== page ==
Purpose: The objective of the study was to assess the influence of socioeconomic status (SES) on the care of patients with diabetes.
Methods: Quality indicators for patients who were taking medication for diabetes were established. Overall compliance with the quality indicators, as well as prevalence of diabetes by age, were obtained from a national database. Patients with national tax exemptions (used as a marker for low SES) were compared to those without.
Results: Of 4,110,852 citizens aged 18-74, 210,988 (5.1%) were receiving medication for diabetes. The prevalence of diabetes reached 19.9% in people aged 65-74. 495,392 citizens had an exemption, and they had a higher prevalence of diabetes that those who did not (15.4% vs. 3.7%). Patients with an exemption had a higher rate of having a yearly HbA1c done, a yearly LDL level done, a yearly eye exam, a yearly urinary protein exam, of being treated with insulin for an elevated HbA1c than those without an exemption. In patients with an exemption there was a lower percentage with an HbA1c less than 7%, a higher percentage with an HbA1c greater than 9%, and a lower percentage with an LDL less than 130. Multivariate analysis showed that exemption status was a predictor of better performance on process measures (LDL test done, OR-1.03, 95% CI 1.01-1.06, HbA1c test done, OR 1.03, 95% CI- 1.01-1.05) and of worse outcomes (high LDL, OR 0.92, 95% CI, 0.90-0.95 and high HbA1c, OR, 0.85, 95% CI, 0.83-0.87).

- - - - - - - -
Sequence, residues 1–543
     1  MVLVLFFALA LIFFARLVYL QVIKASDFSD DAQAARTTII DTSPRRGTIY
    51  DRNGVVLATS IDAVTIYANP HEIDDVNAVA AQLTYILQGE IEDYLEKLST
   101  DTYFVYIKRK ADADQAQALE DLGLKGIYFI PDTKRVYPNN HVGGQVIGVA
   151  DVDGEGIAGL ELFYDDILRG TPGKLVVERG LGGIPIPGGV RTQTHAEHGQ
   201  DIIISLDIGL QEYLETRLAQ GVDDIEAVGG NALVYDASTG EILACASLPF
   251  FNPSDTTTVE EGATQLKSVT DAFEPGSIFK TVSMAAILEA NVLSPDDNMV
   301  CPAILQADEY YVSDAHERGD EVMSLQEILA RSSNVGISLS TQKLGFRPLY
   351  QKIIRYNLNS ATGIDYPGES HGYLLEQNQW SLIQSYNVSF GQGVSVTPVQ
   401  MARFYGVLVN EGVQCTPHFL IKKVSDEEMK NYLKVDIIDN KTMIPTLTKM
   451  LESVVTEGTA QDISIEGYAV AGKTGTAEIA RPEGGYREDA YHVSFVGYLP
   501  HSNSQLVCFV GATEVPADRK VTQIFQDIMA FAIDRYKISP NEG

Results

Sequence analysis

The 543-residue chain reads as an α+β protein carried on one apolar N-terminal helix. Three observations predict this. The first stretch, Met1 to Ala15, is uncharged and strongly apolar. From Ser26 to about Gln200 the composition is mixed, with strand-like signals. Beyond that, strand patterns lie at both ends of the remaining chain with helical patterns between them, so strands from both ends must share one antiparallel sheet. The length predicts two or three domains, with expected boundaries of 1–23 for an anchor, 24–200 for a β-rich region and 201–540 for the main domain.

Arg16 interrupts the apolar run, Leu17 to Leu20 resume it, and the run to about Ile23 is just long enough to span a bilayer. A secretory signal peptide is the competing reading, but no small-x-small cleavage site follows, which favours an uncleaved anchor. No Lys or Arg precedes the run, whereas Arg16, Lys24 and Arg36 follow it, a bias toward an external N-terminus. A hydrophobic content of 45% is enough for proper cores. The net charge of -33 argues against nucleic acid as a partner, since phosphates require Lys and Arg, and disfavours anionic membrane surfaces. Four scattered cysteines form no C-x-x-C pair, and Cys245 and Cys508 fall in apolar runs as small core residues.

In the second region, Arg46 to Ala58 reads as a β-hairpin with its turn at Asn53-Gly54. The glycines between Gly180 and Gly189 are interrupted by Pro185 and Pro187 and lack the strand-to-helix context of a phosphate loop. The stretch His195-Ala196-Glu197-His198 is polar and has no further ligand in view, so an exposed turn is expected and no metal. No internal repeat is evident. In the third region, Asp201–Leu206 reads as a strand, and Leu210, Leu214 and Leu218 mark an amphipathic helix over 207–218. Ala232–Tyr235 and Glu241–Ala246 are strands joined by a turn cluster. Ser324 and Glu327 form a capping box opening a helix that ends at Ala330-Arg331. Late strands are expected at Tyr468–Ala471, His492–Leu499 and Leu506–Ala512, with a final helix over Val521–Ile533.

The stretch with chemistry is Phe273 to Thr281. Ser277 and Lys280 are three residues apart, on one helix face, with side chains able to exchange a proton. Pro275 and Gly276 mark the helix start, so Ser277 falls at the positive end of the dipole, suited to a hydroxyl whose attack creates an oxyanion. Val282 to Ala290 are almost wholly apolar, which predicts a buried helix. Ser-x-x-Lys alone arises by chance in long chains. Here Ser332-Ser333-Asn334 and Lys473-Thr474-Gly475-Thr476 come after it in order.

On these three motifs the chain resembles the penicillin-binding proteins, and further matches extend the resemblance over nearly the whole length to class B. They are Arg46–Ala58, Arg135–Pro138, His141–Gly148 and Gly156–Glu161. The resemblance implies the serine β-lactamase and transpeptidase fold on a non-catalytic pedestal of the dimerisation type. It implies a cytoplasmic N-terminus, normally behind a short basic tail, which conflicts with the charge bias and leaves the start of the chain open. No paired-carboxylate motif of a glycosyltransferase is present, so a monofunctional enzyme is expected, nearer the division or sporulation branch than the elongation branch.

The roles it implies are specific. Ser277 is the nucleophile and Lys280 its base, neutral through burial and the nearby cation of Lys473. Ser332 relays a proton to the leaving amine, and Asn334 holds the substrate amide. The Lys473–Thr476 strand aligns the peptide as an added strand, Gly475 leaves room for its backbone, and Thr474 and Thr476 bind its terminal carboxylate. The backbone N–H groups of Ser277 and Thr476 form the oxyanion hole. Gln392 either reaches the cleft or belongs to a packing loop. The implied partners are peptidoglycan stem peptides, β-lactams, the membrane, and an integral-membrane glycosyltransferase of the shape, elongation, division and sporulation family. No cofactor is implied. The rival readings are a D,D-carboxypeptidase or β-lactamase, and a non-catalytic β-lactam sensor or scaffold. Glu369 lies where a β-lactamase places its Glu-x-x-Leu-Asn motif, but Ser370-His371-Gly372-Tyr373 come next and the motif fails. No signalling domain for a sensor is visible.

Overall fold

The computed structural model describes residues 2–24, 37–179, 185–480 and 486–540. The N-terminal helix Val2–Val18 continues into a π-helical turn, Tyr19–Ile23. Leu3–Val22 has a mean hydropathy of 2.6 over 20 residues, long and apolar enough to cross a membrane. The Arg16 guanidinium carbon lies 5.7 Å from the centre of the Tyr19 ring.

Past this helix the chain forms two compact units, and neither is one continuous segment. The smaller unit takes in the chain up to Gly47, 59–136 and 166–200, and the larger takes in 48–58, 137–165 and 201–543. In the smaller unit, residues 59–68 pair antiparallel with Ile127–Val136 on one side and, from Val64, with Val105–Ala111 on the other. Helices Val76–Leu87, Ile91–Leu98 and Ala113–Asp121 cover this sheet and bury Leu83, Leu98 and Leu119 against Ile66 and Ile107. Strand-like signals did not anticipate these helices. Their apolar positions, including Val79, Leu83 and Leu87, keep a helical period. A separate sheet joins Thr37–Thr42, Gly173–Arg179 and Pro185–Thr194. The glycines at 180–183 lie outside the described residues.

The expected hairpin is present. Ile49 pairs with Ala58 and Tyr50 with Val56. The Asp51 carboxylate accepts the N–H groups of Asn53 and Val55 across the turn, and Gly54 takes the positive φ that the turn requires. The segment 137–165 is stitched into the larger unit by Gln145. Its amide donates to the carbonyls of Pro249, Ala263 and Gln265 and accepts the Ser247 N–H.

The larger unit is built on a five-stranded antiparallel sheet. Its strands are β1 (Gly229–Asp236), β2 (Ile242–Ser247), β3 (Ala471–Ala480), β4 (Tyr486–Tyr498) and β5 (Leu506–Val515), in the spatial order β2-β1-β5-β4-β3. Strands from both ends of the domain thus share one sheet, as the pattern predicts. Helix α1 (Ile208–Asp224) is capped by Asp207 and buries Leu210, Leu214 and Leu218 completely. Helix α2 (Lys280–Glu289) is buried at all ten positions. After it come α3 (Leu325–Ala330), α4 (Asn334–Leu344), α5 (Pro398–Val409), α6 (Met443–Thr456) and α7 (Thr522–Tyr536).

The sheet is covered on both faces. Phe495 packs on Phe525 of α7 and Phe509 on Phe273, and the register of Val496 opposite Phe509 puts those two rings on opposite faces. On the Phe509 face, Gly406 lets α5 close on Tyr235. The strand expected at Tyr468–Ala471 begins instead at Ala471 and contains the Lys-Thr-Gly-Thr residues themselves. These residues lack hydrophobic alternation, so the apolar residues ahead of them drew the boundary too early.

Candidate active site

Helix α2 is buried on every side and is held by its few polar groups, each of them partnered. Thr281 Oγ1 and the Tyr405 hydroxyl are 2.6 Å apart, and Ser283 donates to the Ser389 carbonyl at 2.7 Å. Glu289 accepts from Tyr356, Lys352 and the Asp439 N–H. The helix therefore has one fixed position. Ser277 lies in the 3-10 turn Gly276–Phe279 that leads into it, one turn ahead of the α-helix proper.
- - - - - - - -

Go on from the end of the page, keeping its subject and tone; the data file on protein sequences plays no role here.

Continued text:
Conclusions: In a country with universal healthcare, patients from a lower SES had an increased prevalence of diabetes and had greater adherence to preventive healthcare measures However, they were less successful in meeting target treatment goals.